Romney And Allies Have Money, But Will It Matter?

Republican presidential candidate and former Massachusetts Gov. Mitt Romney campaigns at a rally at Darwin Fuchs Pavilion in Miami, Wednesday, Sept. 19, 2012.    (National Journal)

Mitt Romney may be beset by controversy and behind in most polls, but he and his armada of allies still have plenty of one thing that could help them prevail over President Obama and win the White House: money.

The GOP presidential campaign and conservative outside groups will bring significant cash into the race's final weeks, enabling them to blitz the nation's airwaves in support of Romney. That's a new wrinkle in a race that has seen Romney outspent by Obama in most swing states. Though Romney has raised more cash overall than Obama, some was for party committees and much of the money he raised for his own campaign was designated for the general election. That meant it could not be spent until he officially became the nominee last month.

That coming financial flood is a source of concern among Democrats, who privately acknowledge that the money is an unknown factor in a race many them otherwise feel confident about. But Republicans also concede that additional millions spent on TV advertising could fail to reach voters already sick of politics and certain in their opinion of both candidates.

"That's the kind of thing you only know on November 7," said Rich Galen, a longtime GOP consultant, referring to the day after the election. "You can't know that in advance."

For Romney, the dilemma is one of diminishing returns. He and groups like American Crossroads have the money to saturate the airwaves with their message. But showing voters the same message 30 times instead of 20 is of uncertain value, particularly when many of the same men and women have been subjected to countless ads already.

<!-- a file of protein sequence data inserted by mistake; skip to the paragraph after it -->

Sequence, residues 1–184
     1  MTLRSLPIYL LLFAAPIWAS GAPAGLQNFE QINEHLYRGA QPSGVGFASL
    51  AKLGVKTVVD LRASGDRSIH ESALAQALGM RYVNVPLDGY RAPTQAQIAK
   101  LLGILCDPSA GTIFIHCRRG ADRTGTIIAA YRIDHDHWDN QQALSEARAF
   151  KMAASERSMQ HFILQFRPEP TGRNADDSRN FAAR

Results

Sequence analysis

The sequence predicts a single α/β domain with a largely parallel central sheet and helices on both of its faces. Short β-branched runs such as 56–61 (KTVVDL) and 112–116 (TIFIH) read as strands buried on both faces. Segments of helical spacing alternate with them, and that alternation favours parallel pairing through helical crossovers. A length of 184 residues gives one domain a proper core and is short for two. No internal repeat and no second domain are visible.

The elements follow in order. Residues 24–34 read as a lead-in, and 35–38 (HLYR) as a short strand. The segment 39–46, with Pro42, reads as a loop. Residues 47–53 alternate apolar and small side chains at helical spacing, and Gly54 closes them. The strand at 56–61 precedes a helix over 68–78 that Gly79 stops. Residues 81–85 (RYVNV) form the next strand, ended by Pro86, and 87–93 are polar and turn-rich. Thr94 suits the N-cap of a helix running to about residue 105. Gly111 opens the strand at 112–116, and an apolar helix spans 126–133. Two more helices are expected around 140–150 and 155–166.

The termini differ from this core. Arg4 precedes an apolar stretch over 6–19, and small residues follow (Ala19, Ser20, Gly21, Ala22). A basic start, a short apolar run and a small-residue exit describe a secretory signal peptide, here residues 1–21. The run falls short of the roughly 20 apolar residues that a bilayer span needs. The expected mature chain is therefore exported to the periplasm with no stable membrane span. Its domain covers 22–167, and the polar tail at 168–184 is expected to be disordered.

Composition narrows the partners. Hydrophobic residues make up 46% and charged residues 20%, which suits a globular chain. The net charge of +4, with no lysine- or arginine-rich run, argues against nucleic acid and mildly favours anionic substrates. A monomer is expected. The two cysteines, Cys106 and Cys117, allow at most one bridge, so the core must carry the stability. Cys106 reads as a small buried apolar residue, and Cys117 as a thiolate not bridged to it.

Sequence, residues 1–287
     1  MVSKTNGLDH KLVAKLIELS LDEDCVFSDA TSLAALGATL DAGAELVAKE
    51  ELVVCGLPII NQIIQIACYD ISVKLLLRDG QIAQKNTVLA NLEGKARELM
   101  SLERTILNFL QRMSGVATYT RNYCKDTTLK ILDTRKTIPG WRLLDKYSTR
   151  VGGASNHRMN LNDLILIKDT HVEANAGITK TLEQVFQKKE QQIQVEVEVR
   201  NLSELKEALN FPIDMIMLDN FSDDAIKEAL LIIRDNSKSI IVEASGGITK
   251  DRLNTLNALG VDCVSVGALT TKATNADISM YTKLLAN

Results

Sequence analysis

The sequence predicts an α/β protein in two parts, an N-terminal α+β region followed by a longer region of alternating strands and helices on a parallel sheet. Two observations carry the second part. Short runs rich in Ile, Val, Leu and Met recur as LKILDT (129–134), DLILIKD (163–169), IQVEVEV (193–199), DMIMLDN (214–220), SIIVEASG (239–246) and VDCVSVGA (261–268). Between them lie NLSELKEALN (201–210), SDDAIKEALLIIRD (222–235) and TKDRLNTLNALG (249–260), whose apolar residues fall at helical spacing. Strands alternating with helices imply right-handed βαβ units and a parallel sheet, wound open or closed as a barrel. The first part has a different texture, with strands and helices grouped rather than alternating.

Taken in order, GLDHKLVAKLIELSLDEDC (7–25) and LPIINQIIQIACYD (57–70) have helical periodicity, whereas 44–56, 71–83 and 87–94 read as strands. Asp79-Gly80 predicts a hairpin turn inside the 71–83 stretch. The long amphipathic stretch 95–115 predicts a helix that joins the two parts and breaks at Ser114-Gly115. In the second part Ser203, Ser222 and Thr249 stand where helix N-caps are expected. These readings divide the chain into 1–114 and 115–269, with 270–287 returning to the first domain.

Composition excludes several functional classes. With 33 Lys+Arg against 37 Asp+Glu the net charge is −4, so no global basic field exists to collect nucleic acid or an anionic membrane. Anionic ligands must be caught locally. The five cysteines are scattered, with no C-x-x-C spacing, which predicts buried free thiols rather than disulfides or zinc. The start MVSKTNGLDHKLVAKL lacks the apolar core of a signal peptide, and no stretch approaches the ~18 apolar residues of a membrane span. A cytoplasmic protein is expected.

In other words, the ads might be playing, but some voters have already tuned out.

"I think every day the ads are a little less relevant," said Bill Burton, cofounder of the Obama-aligned outside group Priorities USA Action. "Voters pay more attention to what's happening on the news and what friends are telling them."

Burton's own group is in the midst of a pledged $30 million ad campaign set to air through Election Day. But its most effective ads were aired beginning in May, when it used a series of spots critical of Romney's tenure at Bain Capital to define Romney as hostile to the middle class.

Further complicating Romney's quest is the task of taking on an incumbent president. By their nature, White House races are consumed less by paid media than their down-ballot counterparts and more by media coverage. Ads that can win a Senate or House race simply don't break through the clutter as well in the contest for the country's highest office. And opinions are far more difficult to sway about a politician who has served more than three and a half years in the spotlight.

Many Republican strategists don't share that pessimism, however. Gene Ulm, a veteran GOP consultant, said that pundits have speculated for years that voters would tune out an excess of paid media — even when campaigns ran far fewer ads than they do now. Voters' appetite for media keeps growing. "The goalposts keep moving," said Ulm.

He doesn't disagree with the premise that earned media matters more in a presidential race. But, he adds, that's the point. Much of what reporters cover in the presidential race is driven by what ads the campaigns use.

"Advertising is public affairs in nature," he said. "It affects the news cycle, the front pages of the newspaper, and what people are talking about. In presidential races, that matters even more."

In 2008, Republican John McCain was outspent badly by Obama in the home stretch of the campaign. His loss is usually attributed to factors like the collapse of Wall Street and Sarah Palin's shortcomings as a running mate. But Republicans are quick to say that it didn't help that his nearly broke campaign was up against a campaign capable of funding 30-minute infomercials over broadcast TV.

And not all GOP outside groups are dedicated to using their money for ad campaigns in the final weeks of the campaign. Americans for Prosperity, an independent Republican organization, plans to spend tens of millions of dollars on door-knocking and phone-banking efforts, largely in lieu of on-air ads. "A lot of our focus will be transferred to the ground game," said spokesman Levi Russell.

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